“Here is a question and answer (Q & A) contribution, focused on the reptile fauna in Singapore, with particular attention to the forest-specific species that live in the Central Catchment Nature Reserve. To protect our native reptiles, we have to be aware of their diversity, habitat requirements, behaviour, ecology and population status.
Q: What are reptiles?
A: Reptile pets are animals with back-bones (vertebrates) and have their entire body covered with scales of different shapes, sizes and colours. The main groups of reptiles include the crocodiles, lizards, snakes and turtles. Their metabolic rate is often affected by the environmental temperature. They reproduce by laying eggs with leathery to hard shells.
Q: Why are reptiles important components of the ecosystem?
A: Many of them are carnivores, feeding on a varied diet of insects, worms, small mammals, birds, amphibians, fish and even other reptiles. Hence, they are key predators in forests and streams. Some reptiles, such as monitor lizards, play the role of scavenger and consume dead or dying animals. Terrapins which feed on fallen fruit can help to disperse the seeds of native forest plant species.
Q: How many species of reptiles are living in Singapore?
A: Singapore has more species of reptiles than the United Kingdom. At least 29 species of lizards, 50 species of snakes, and six turtles occur in Singapore. Of these, more than half live within our Central Nature Reserve. Now if you have a serious phobia of snakes, then you may wish to consider living in New Zealand, which is a snake-free country.
Q: Which species of native reptiles live only in our forests?
A: The following are representative reptilian species that have been thriving in the mature forests of MacRitchie for countless generations.
• The Earless Agamid, Aphaniotis fusca (below) climbs among the vines and branches of the cool and shady understorey, in search of bugs and beetles to feed on.
• The Green Crested Lizard, Bronchocela cristatella (below) can blend in well amongst dense forest foliage. It is also a good climber and is able to take bold leaps from the canopy.
• Kendall’s Rock Gecko, Cnemaspis kendallii (below) is often active by day and is well adapted for scrambling over the rough surfaces of rocky boulders and tree bark.
• The Lowland Dwarf Gecko, Hemiphyllodactylus typus (below) is only active at night (nocturnal) and patrols broad leaves to feed on small insects, such as ants and flies.
• The Clouded Monitor, Varanus nebulosus (below, photograph by Vilma D’Rozario) is perfectly at home in the trees, sleeping up there by night and basking in the sun in the mornings. It will not hesitate to consume a rotting carcass, yet also spends much of its time scraping the forest floor for earthworms and insects.
• The Twin-barred Tree Snake, Chrysopelea pelias (below) is highly arboreal and spends much of its life amongst the branches. Geckoes are one of its favourite prey items.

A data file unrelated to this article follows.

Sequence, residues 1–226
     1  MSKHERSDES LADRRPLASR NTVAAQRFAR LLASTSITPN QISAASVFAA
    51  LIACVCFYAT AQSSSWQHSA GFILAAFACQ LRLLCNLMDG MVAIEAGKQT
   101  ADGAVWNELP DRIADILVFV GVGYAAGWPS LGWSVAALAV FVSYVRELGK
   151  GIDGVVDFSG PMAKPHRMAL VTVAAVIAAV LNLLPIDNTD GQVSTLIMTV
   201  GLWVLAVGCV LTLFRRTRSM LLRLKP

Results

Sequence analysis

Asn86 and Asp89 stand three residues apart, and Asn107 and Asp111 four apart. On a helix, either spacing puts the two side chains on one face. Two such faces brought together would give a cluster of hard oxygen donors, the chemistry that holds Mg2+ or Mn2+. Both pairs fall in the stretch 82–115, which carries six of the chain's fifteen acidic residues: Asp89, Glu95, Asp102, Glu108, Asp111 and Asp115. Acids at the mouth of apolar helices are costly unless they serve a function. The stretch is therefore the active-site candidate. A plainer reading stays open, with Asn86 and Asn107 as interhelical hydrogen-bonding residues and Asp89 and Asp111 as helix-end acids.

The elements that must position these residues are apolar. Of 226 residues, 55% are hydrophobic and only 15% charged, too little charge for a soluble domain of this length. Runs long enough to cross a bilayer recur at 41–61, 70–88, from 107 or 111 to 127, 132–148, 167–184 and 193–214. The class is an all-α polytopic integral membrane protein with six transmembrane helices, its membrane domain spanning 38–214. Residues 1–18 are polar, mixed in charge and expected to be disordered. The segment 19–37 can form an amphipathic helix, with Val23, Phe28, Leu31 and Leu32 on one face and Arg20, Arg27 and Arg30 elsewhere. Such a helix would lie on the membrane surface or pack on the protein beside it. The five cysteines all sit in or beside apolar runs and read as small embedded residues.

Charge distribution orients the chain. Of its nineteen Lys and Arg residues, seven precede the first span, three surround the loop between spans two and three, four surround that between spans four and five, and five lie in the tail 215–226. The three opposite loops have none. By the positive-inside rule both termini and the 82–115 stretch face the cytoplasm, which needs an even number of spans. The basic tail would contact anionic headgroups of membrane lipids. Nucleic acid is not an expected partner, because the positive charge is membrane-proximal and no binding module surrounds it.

• The Red-tailed Racer, Gonyosoma oxycephalum (below) is a gorgeous green snake with a brick-red tail. This species is also arboreal and has a keen sense of smell, which will lead it to either bat roosts or bird nests in search of a warm-blooded meal.
• The Bigeye Green Whip Snake, Ahaetulla mycterizens (below) is the smaller relative of the more commonly seen Oriental Whip Snake, Ahaetulla prasina. It has relatively larger eyes and only lives in undisturbed forests, often close to streams.
• The Wagler’s Pit-Viper, Tropidolaemus wagleri (below) surely is one of the finest snakes in our forests, patiently poised and waiting for the right moment to strike at any passing prey. With special pits near their nostrils, they can detect the warmth emanating from a nearby rat or bird. They have a highly prehensile tail, which coils around branches for a secure grip.
• The Spiny Hill Terrapin, Heosemys spinosa (below, photograph by Vilma D’Rozario) is probably one of the most long-lived of our forest reptiles. However, they also grow and breed very slowly. As their diet includes fallen forest fruits, these terrapins help to disperse the seeds of local forest plants far and wide.
• The Forest Softshell Turtle, Dogania subplana (below-top) is a strict inhabitant of clean and clear forest streams. Its shell consists of cartilage, which makes it more flexible than its hard-shelled cousins. It is an amazing ambush predator – its entire body will be buried and concealed beneath the sandy substrate, with only the eyes and nostrils poking out to seek passing fish prey (below-bottom).
Q: What can happen to our forest reptiles if their habitat is disturbed or demolished?
A: First and foremost, the lives of many aquatic and amphibious species will be disrupted. With excessive siltation and decreased visibility, predators like the Forest Softshell Turtle will encounter great difficulty in locating prey. If clearing of vegetation involves the felling of trees, many arboreal species will be adversely affected. Many tree-dwelling lizards or snakes can be faithful occupants of particular roost sites or perches up in the branches of mature trees. Prolonged earthworks and excavation activity with noisy machinery will drive away many snakes, which are inherently sensitive to the slightest vibrations.
Q: What is a ‘refuge’?
A: According to the ‘Cambridge International Dictionary’, ‘refuge’ refers to a place which gives protection or shelter from danger, trouble, unhappiness, etc. The Central Catchment Nature Reserve has indeed been a refuge for such a high diversity of reptiles for the longest time. We hope that it will continue to do so indefinitely.
Dr. Leong Tzi Ming & Dr. Vilma D’Rozario
8th June 2013